Thursday, June 13, 2019

Residential or Commercial? Biggar Place rezoning quest brings questions on City's priorities

A proposal to rezone some lots along Biggar Place near Five Corners
was up for discussion at Monday's City Council session

City Council took its first look at the latest plans for a number of lots on Biggar Place, with a request in front of them to have the area in question rezoned from its current status of residential, to that of commercial/service.

Monday's review began with a presentation from City Planner Zeno Krekic, who outlined the nature of the proposed change which has been applied for by Marogna Enterprises.

He outlined how the property in question on Biggar Place is adjacent to the Five Corners area of the city, and that the applicant has assembled a number of lots  for commercial purposes in that area on the west side of the downtown  development permit area.

The zoning change would see the land changed from family-residential to service-commercial, Mr. Krekic noted that the proposed change is consistent with the long term downtown plans.

City Planner Zeno Krekic used two maps to highlight the area
in question that is up for rezoning to commercial use

(from City of PR Agenda for June 10 2019)

When it came for a discussion of the proposed zoning change the Mayor led off the conversation inquiring if it is the same owner as that owns the other properties that have been assembled.

Mr. Krekic replied in the affirmative, making note of the material included in the Agenda package  (see page 144) which outlines the specifics to the various lots in question.

Councillor Adey asked if the city knew what the property owner had in mind towards development, and he was advised that the city did not have any indication at the moment as to what is planned and that the process at the moment is that of land assembly for future use.

Councillor Randhawa asked if there were any property tax implications from the change in zoning.

The City's Chief Financial Officer fielded that question,  noting that it would all depend on how BC assessment approaches the change. She observed that her sense is that it would move into Commercial, with the Mayor adding how there were no houses on those lots anymore.

Councillor Cunningham asked how it fits in with the Redesign Prince Rupert planning and that of designing downtown, noting how in the past council has advocated for housing in the downtown area and that this seems to be taking away that option by changing the zoning from residential land to commercial.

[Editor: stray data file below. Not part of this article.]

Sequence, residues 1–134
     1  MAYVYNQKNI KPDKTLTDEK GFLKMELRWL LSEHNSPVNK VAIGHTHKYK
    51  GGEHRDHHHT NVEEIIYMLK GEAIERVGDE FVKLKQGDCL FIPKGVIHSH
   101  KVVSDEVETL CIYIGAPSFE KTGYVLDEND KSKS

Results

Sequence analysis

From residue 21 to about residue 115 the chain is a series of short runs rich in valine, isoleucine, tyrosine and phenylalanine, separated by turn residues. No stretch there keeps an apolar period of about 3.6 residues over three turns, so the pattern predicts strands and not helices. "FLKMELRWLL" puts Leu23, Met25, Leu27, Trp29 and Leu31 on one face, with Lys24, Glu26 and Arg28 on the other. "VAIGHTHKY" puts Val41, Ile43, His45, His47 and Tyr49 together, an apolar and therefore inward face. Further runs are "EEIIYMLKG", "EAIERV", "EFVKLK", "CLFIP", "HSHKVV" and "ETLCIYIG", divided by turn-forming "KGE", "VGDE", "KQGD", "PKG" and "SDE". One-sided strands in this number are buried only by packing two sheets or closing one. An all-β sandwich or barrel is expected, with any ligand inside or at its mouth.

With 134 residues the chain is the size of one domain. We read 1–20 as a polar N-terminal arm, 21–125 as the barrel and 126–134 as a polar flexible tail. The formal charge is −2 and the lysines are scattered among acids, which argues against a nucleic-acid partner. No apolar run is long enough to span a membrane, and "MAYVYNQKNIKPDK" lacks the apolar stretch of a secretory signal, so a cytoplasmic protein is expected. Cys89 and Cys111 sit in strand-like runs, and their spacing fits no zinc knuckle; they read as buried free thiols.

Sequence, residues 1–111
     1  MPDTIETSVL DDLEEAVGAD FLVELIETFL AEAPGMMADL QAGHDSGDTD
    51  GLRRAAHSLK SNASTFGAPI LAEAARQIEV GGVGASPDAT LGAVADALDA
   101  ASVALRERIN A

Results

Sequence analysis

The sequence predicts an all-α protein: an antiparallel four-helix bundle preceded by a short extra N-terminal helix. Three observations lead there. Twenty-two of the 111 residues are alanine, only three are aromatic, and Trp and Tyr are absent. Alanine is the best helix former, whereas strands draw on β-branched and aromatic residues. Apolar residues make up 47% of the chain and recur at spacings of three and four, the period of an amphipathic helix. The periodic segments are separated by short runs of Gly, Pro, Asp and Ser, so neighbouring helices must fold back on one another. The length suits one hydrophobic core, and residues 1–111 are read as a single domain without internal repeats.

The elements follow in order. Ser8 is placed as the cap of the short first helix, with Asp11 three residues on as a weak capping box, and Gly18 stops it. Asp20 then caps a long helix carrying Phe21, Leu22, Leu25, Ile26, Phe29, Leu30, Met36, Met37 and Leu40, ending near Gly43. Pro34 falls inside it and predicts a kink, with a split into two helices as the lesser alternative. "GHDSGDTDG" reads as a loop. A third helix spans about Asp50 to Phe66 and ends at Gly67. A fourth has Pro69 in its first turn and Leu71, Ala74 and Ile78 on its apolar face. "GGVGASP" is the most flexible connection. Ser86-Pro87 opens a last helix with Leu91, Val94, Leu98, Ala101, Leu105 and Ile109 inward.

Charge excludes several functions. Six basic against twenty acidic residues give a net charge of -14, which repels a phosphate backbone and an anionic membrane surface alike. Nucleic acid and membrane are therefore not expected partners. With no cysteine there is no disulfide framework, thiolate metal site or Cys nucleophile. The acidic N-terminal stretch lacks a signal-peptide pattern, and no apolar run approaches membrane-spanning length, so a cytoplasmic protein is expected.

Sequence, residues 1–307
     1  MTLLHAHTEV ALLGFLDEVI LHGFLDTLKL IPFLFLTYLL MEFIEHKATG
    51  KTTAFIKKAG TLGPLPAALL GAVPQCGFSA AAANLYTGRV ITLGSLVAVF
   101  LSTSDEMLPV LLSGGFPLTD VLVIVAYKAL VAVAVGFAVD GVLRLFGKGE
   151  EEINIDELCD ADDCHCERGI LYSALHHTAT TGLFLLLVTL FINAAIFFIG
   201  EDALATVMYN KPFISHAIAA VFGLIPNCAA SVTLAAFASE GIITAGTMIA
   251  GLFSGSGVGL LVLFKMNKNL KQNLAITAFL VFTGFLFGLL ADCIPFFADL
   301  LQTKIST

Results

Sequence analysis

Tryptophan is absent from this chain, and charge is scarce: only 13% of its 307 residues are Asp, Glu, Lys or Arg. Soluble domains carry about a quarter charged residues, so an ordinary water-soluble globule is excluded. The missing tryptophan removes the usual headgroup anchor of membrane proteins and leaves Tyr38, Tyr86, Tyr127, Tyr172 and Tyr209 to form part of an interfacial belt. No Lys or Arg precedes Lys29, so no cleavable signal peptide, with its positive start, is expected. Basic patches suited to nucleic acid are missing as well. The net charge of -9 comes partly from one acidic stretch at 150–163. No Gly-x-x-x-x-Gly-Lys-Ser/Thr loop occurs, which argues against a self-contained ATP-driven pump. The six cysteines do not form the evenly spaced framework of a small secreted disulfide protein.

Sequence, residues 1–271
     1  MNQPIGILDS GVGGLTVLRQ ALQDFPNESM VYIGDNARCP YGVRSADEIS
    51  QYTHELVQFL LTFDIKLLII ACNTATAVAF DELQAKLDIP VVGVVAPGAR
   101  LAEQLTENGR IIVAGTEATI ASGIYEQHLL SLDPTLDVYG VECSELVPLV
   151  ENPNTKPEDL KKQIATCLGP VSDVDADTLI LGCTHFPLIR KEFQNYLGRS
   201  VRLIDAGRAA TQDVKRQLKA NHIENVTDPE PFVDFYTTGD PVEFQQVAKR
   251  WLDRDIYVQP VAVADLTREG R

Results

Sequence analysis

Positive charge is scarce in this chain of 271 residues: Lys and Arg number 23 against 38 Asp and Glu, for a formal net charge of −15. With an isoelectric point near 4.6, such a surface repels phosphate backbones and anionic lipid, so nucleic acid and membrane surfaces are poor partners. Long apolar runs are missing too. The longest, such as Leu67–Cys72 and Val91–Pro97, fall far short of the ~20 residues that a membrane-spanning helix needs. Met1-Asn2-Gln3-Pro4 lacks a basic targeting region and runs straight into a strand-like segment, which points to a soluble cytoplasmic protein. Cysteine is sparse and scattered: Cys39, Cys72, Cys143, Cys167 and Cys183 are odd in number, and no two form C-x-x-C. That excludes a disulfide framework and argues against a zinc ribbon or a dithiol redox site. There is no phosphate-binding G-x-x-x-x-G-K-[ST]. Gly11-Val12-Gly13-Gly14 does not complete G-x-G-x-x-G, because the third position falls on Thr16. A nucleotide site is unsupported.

"How does this fit into the Redesign Prince Rupert and redesign the downtown? We've had numerous conversations about building residential down in that area and that, and we're taking a big chunk of residential property out and making it service commercial. Does that fit in with the  overall plan?"

On the theme of Redesign Rupert, Mayor Brain noted that the city's program has yet to get underway and how they haven't even made a plan yet  for redesign;  with the team assigned to take on that project not expected to be ready to provide any notes on their work until December of this year

When it comes to the advocacy for housing in the downtown area, Mr. Cunningham's observations do take us back a few years, and some lively council debates over housing proposals in the heady days of potential LNG development.

One of the proposed housing plans that sparked the largest of the commercial vs residential debates, was the 2015 review of the Stiles Place Development.

A project which never did break ground, but did seem to highlight the split in opinion on the Council of the time when it came to how the downtown area should be developed.

The proposed condo development and other significant property related discussions from that period gave council members of the time an opportunity to expand on their preferences. With the need for increased affordable housing for the downtown core, one of the key issues of that time

As for how the public may feel about the need for more housing in the downtown area, it does not appear to be a high priority for some.

The recent study on downtown revitalization through the city's Rupert Talks consultation process indicated that 63 percent of those who responded to that survey were not all that interested in living in the downtown area.

To bring the discussion to a close on Monday, Mayor Brain further noted how at this point, the request in front of Council was mainly that of one property owner who wants to pursue property options in that area.

The Biggar place land also was of note in 2016, when Council discussed the proposed development as part of a lane closure request, with the topic generating a significant amount of talk about past appearances on the theme and how none of the past promises ever seem to be have delivered on.

In 2015, the topic of the lots on Bigger Place had made for some commentary for Council from residents of the area.

With the larger issue for residents of the Borden Street neighbourhood, which is adjacent to Biggar Place that of what the proponent might have in mind when it comes to the development of the land in question.

To move the process forward on Monday, Council then gave the motion first reading and set in motion the call for a community information meeting, to take place at a date to be determined and to be hosted by the proponent of the zoning change.

You can review the presentation to Council from the City's Video archive starting at the 44 minute mark.

Further background on Monday's Council session is available from our Council Timeline feature.

More notes related to Council Discussion themes can be found here, while a wider overview of land and housing issues in the region can be explored here.

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